This was an assault to the Jihadists who opposed Arab socialism as an identity. They have an Islamic identity and they oppose an African identity because they associate that with black folks, so when they were fighting Gaddafi, they singled out black Libyans, as well as people from Chad and elsewhere in Africa for persecution for lynching, for imprisonment, because the whole idea of Libya being an Arab and socialist and African country went against the grain of their Islamist ideology. There’s a basis for their hate mongering.

EDDIE CONWAY Mm-hmm (affirmative). It seemed to me that the NATO and the U.S. actually raised a bumming campaign to help wipe out that black city?

GLEN FORD: Oh sure, their favorite militia was the Misrata militia. Misrata was the nearest beach city to Tripoli with an active militia and they became the front line, at least on the ground, for the so-called rebellion. Now of course, the rebellion would have gotten nowhere without having an air force. An air force made up of the United States and Britain and France and other NATO members, so the Misrata militia, which is the militia that dismantled Tawergha, which is the militia that put up signs all over the place talking about their intention to get rid of the people with dark skins and an Arab word for slaves.

Those were the closest allies on the front lines with the United States and that’s why CNN was so deeply embedded in that particular militia. That’s also why they didn’t report back in 2011 when these slaughters were going on and when the town of Tawergha was being destroyed. CNN didn’t say a word because it was in bed with these people. It took the Wall Street Journal that wasn’t so close on the ground with them to reveal to Western audiences what was happening on the ground.

EDDIE CONWAY Okay, so thank you for that update and we’ll keep watching this.

GLEN FORD: Yes, we’ll watch this as much as they want us to see. Keep watching what’s happening of course, with Rwanda. There we have a dictator who represents a small minority of Rwanda’s population, the Tutsi minority, couldn’t be more than 10% or 15% of the population that the United States and all of its corporate media are singing the praises of as if he is a Godsend to Africa and a beacon of democracy. How could that possibly be? But that’s the impression that folks like CNN want to give to us.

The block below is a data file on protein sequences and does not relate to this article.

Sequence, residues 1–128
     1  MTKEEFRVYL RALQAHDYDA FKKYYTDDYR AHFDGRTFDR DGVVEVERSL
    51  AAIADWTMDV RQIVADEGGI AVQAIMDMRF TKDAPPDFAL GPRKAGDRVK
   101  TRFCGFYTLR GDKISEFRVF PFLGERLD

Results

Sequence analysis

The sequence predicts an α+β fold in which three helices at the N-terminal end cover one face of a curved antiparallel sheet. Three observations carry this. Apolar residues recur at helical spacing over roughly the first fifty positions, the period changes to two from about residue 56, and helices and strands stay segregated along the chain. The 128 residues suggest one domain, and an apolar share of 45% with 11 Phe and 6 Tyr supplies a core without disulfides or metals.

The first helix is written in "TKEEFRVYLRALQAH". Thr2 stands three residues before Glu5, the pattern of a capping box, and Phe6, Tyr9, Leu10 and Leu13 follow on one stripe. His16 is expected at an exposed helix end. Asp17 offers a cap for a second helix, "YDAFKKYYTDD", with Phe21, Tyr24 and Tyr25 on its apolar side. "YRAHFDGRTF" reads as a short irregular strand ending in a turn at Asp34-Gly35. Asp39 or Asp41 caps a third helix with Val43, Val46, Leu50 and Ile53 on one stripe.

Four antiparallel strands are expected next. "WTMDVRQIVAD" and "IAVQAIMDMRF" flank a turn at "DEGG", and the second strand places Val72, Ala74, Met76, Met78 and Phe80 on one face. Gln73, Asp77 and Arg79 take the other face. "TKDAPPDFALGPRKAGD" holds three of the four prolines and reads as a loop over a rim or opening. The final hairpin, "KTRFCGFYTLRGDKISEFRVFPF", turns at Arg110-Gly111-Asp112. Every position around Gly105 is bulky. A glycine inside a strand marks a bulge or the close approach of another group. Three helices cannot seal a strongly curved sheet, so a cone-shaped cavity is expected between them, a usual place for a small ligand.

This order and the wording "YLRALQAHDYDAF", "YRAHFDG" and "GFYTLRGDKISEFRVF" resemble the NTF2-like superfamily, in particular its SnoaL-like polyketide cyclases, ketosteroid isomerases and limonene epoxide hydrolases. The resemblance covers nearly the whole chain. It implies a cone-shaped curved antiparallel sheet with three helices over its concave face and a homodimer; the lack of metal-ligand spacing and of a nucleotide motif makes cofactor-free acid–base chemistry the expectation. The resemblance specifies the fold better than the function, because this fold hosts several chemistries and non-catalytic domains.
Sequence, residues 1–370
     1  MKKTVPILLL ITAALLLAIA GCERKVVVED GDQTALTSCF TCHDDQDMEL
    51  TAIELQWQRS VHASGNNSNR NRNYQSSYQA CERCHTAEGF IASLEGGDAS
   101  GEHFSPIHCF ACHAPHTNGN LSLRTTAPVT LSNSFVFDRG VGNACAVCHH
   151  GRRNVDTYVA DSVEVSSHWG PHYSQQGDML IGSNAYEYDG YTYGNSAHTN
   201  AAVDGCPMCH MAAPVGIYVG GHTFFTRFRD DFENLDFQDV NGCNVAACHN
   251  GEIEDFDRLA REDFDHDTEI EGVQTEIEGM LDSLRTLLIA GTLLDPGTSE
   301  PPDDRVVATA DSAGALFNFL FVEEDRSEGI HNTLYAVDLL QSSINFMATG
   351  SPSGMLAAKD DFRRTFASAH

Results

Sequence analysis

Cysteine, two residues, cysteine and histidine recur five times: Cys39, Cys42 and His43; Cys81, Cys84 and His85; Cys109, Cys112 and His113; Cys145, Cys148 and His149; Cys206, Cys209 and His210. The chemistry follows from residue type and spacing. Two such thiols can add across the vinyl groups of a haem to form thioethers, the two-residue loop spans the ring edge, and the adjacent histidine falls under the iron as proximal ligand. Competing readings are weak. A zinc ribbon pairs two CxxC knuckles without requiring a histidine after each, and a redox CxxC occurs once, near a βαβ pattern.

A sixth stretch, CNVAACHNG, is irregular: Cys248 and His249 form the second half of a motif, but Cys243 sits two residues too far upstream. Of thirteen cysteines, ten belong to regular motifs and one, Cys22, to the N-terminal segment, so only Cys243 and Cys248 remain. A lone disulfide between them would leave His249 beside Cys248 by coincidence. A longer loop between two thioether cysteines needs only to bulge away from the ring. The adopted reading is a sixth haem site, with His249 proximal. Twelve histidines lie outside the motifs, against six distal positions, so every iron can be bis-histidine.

EDDIE CONWAY Okay, so thank you for joining me.

GLEN FORD: Thank you.

EDDIE CONWAY And thank you for joining the Real News.

via https://www.blackagendareport.com/cnn-crusades-against-slave-trade-libya-theyknew-all-along

2 Comments on "CNN Crusades Against Slave Trade in Libya, But TheyKnew All Along…."

  1. Good morning

    I must say I am happy that somebody decided to speak up agaist CNN pretentious campaign. They are well aware of the reality on the ground but yet they do nothing. Latelty, they have interviewd a young Nigerian Victim who appeard on Emmanuel Tv indicating that he agreeed to the filming because he thought CNN guys will offer him help but to avail. After the interview and filming they were not offered any help except the intervention of the International Organisation for MIgration (IOM), through which he was finally deported to Nigeria

    • Pinky Khoabane | December 5, 2017 at 2:20 pm | Reply

      Dear Momo

      The debate of how far journalists should get involved in covering their story has been going on for years. Should journalists go beyond being a reflection of what they see and get involved in the story? Of course in SA we have seen how journalists have been activists and siding with the regime-change agents.
      But you may or may not remember the story of the picture by Kevin Carter of the Sudanese girl who was to be eaten by a vulture. Kevin took the picture and walked away – he says he doesn’t know what happened to the girl. Many have criticised him till today – should he have intervened? It’s not clear what happened to the girl.
      Kevin later committed suicide – its not clear whether his work as a whole and this picture in particular, had anything to do with his suicide.